July 6, 2020

Environmental Working Group Dirty Dozen Produce Guide Published

Environmental Working Group (EWG) has published their 2020 guide to the Dirty Dozen, which is a list of fruits and vegetables that are likely to have the most pesticide residue. The biggest change is EWG comment on raisins, which were not on the list but were mentioned for the first time. Raisins were tested for the first time since 2007 even though it’s not a fresh food. That food is the dirtiest produce commodity.

Environmental Working Group Dirty Dozen Produce Guide Published

Of the 670 samples of conventional raisins analyzed, 99% tested positive for at least two pesticides. On average, each sample was contaminated with more than 13 pesticides. One sample had 26 pesticides. Even some organic raisins were contaminated. The issue with this food is that children under the age of 15 eat 208,000,000 pounds of raisins every year, about half of the raisins consumed in the U.S.

The problem with children consuming pesticides is the affect they can have on their brains and reproduction systems, as well as developing cancer. Pesticide use in early life is linked to pediatric cancers, behavioral problems, and decreased cognitive function.

The list is:

  1. Strawberries
  2. Spinach
  3. Kale
  4. Nectarines
  5. Apples
  6. Grapes
  7. Peaches
  8. Cherries
  9. Pears
  10. Tomatoes
  11. Celery
  12. Potatoes

About 70% of fresh produce sold in this country every year has residue of potentially harmful pesticides. Many of these pesticides still register after the food is washed, peeled, and scrubbed. The USDA cleans the product before testing each item. It’s important to know that the USDA doesn’t test for all pesticides used in crop production, including glyphosate (Roundup), which is the most heavily used pesticide in the country.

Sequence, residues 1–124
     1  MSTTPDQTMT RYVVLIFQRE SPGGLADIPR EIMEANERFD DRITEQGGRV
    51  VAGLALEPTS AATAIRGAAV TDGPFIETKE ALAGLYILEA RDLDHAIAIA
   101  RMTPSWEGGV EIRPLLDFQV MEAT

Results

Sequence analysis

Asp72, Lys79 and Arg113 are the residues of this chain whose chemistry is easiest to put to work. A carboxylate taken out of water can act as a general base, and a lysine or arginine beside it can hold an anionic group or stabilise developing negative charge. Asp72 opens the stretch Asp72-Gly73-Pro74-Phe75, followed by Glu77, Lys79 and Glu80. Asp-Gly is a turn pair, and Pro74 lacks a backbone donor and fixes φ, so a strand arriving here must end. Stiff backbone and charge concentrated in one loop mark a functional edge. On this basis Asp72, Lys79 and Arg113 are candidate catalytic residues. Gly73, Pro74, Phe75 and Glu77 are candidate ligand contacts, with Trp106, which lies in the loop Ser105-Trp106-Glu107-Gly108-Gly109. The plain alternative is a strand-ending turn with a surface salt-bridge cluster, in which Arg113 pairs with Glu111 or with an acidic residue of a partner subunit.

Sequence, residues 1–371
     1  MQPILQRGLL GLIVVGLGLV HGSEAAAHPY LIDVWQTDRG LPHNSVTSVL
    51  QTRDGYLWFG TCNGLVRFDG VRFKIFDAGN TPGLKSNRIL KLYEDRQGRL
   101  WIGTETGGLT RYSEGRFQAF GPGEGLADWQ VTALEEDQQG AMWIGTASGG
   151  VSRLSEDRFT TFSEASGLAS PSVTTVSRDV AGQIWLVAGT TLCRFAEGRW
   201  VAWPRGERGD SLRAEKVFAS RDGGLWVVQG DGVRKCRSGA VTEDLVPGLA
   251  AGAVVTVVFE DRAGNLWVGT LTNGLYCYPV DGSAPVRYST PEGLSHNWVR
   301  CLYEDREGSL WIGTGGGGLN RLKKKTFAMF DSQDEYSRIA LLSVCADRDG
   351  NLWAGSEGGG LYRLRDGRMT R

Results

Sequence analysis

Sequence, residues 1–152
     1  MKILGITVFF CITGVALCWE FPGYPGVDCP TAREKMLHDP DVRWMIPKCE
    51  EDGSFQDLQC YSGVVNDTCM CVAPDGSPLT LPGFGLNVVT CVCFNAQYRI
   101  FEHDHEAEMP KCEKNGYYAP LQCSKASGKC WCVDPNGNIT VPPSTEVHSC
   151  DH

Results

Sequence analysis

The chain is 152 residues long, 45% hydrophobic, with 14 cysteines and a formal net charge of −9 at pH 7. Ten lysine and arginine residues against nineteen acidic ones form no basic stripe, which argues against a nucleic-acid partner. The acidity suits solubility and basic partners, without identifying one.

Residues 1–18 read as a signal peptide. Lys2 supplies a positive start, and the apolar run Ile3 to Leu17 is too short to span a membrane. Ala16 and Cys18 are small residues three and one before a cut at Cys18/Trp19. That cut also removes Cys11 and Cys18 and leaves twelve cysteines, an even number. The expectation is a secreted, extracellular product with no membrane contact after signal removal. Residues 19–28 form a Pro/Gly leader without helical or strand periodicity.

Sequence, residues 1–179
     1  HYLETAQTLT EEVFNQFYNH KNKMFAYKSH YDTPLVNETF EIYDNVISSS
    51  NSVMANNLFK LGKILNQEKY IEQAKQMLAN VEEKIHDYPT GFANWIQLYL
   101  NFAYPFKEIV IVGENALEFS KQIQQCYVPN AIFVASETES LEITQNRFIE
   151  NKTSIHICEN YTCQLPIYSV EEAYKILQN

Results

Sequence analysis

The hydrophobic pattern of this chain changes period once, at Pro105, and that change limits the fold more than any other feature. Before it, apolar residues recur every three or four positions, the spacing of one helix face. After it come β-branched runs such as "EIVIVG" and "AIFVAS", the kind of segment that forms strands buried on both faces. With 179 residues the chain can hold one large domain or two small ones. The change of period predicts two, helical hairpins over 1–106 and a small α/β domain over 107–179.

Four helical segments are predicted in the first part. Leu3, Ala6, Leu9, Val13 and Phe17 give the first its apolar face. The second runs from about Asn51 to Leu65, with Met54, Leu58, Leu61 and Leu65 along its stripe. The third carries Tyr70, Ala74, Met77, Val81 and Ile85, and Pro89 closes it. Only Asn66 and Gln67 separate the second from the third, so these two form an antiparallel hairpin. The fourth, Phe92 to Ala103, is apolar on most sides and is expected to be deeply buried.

Scientists say that people who consume more pesticides have high levels of urinary pesticides and lower fertility.

Peppers are not included in the Dirty Dozen, but they test positive for pesticides that are toxin to the brain. Some of the worst pesticides are acephate, chlorpyrifos, and oxamyl, which are banned from most crops but are still allowed on hot peppers. EWG recommends that you choose organic peppers, and if you can’t, cook the conventionally-grown peppers, which can reduce the pesticide load.

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